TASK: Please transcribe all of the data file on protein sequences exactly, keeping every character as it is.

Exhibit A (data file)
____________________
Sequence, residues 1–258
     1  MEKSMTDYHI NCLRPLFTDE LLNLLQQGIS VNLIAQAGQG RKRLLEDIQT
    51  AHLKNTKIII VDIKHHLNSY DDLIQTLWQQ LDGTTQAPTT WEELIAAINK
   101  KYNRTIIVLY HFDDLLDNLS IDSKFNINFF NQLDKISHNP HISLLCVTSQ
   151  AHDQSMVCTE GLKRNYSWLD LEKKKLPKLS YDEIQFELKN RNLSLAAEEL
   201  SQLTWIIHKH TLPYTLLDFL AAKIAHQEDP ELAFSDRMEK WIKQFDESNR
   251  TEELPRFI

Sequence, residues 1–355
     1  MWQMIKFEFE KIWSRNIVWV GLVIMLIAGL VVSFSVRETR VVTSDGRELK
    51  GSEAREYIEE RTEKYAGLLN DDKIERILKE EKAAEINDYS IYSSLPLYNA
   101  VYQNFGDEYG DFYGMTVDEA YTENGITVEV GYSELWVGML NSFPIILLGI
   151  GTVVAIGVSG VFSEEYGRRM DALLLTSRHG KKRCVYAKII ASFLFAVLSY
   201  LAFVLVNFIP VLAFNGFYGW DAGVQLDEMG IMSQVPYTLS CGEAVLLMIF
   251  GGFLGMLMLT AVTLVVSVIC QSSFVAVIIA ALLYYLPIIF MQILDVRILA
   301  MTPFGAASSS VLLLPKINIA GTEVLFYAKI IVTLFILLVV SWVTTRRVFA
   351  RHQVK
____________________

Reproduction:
Sequence, residues 1–258
     1  MEKSMTDYHI NCLRPLFTDE LLNLLQQGIS VNLIAQAGQG RKRLLEDIQT
    51  AHLKNTKIII VDIKHHLNSY DDLIQTLWQQ LDGTTQAPTT WEELIAAINK
   101  KYNRTIIVLY HFDDLLDNLS IDSKFNINFF NQLDKISHNP HISLLCVTSQ
   151  AHDQSMVCTE GLKRNYSWLD LEKKKLPKLS YDEIQFELKN RNLSLAAEEL
   201  SQLTWIIHKH TLPYTLLDFL AAKIAHQEDP ELAFSDRMEK WIKQFDESNR
   251  TEELPRFI

Sequence, residues 1–355
     1  MWQMIKFEFE KIWSRNIVWV GLVIMLIAGL VVSFSVRETR VVTSDGRELK
    51  GSEAREYIEE RTEKYAGLLN DDKIERILKE EKAAEINDYS IYSSLPLYNA
   101  VYQNFGDEYG DFYGMTVDEA YTENGITVEV GYSELWVGML NSFPIILLGI
   151  GTVVAIGVSG VFSEEYGRRM DALLLTSRHG KKRCVYAKII ASFLFAVLSY
   201  LAFVLVNFIP VLAFNGFYGW DAGVQLDEMG IMSQVPYTLS CGEAVLLMIF
   251  GGFLGMLMLT AVTLVVSVIC QSSFVAVIIA ALLYYLPIIF MQILDVRILA
   301  MTPFGAASSS VLLLPKINIA GTEVLFYAKI IVTLFILLVV SWVTTRRVFA
   351  RHQVK